Insurance increase and not my fault - BB
Hello all,

In May this year, I had an accident on the motorway. I was not to blame as someone drove into the back of me. This was confirmed when the third party admitted liability.

I am now in the process of renewing my car insurance and to my shock horror, my insurance premium had gone up by £120. I originally received a quote for £400 and when I tried to pay I was told that the quote was incorrect as they did not realise that I had an accident (even though they sorted it out!)
Insurance premium is now £520.

I phoned them up to ask why it had gone up and they informed me that as I had been involved in an accident, I am more likely to be involved in another accident. Just for comparison purposes, I asked them what the premium would be if I were to blame for the accident and I was told it would be £540.

Therefore for merely being involved in an accident that was not my fault I am being charged an extra £120.

If I was to blame for the accident it would be an extra £140.

I have full no claims (protected).

I am contacting my solicitor who dealt with the accident to make an extra claim for 3 years of insurance premium increases (as the accident will stay on my record for 3 years) but I do not know how it will turn out.

Has anyone else experienced this? What did you do?

Insurance increase and not my fault - Mike H
My first course of action would be to move to another insurer.

Did you (or the insurance company) recover your uninsured losses - i.e. your excess? If you did, this is proof that you weren't to blame. If not, then the situation is more tenuous and whether they admit it or not, they are loading you for being partially to blame.
Insurance increase and not my fault - Stargazer {P}
BB,

I am sure Mark (RLBS) will be along later to give detail, but the NCB is a no claims bonus....this is all you have protected. Despite the fact that you have full NCB the base level premium has gone up as you are perceived to be a higher risk than before. You then get the same full NCB discount. The final cost may end up being higher despite keeping your NCB.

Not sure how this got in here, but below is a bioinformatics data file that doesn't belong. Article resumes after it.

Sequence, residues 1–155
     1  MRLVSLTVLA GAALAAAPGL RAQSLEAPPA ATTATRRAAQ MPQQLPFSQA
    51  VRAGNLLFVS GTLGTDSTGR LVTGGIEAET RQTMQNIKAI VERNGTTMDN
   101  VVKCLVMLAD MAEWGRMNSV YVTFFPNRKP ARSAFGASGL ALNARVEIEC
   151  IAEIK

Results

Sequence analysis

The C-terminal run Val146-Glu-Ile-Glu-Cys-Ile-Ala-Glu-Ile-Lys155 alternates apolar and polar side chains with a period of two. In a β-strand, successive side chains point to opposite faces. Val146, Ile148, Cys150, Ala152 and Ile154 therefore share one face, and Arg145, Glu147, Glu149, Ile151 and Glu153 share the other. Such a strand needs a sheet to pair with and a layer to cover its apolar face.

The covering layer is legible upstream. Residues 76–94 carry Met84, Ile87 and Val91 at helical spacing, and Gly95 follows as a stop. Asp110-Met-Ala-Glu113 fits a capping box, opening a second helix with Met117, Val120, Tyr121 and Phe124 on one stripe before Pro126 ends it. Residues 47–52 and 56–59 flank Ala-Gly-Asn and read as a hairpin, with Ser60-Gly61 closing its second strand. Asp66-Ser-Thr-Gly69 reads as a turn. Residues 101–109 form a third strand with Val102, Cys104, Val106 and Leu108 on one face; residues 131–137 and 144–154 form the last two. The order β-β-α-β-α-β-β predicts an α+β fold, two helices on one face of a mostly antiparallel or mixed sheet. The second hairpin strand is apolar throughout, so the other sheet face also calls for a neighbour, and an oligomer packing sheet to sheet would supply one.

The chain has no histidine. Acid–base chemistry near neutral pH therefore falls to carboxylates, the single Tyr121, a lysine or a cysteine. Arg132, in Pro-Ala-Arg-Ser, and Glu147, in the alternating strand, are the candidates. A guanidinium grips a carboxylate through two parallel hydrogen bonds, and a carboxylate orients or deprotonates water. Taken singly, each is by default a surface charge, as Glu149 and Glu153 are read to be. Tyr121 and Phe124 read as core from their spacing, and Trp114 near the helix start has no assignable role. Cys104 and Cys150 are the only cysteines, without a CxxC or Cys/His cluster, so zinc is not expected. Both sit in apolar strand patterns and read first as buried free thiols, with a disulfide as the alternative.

Ian L.
Insurance increase and not my fault - Mark (RLBS)
Indeed. The gross premium is calculated on your risk. The NCD discount is given after that.

Accidents, even no fault ones, can indicate a higher risk. An insurance company would typically rather insure someone with 1 fault accident rather than someone with 5 no fault accidents.

This is why I say, time and time again, ignore the discounts and look at the bottom line,

I'd rather have 10% NCD on a gross premium of £100 than 80% NCD on a gross premium of £1,000.

Having said that, different companies have different thresholds and weightings. Let us assume that you have been hit with a 20% loading on gross premium. You should be able find a company who, whilst they might have a higher gross, will not hit you with such a high loading.

There is also the different track which was mentioned earlier;

- Did you have an excess ?
- Did you claim it back from the TP ? (if not, do so even if its £10)
- If you claimed it back, have you forwarded proof of your recovery to the insurance company ?
- Do they still require a loading ?
- If you have not finished the uninsured loss claim, will they refund the loading if you prove that the claim is successfully complete in x months time ?

(If the answer to the last is yes, then do make sure that you only claim stuff that you'll definitely get back. A partial recovery is not sufficient).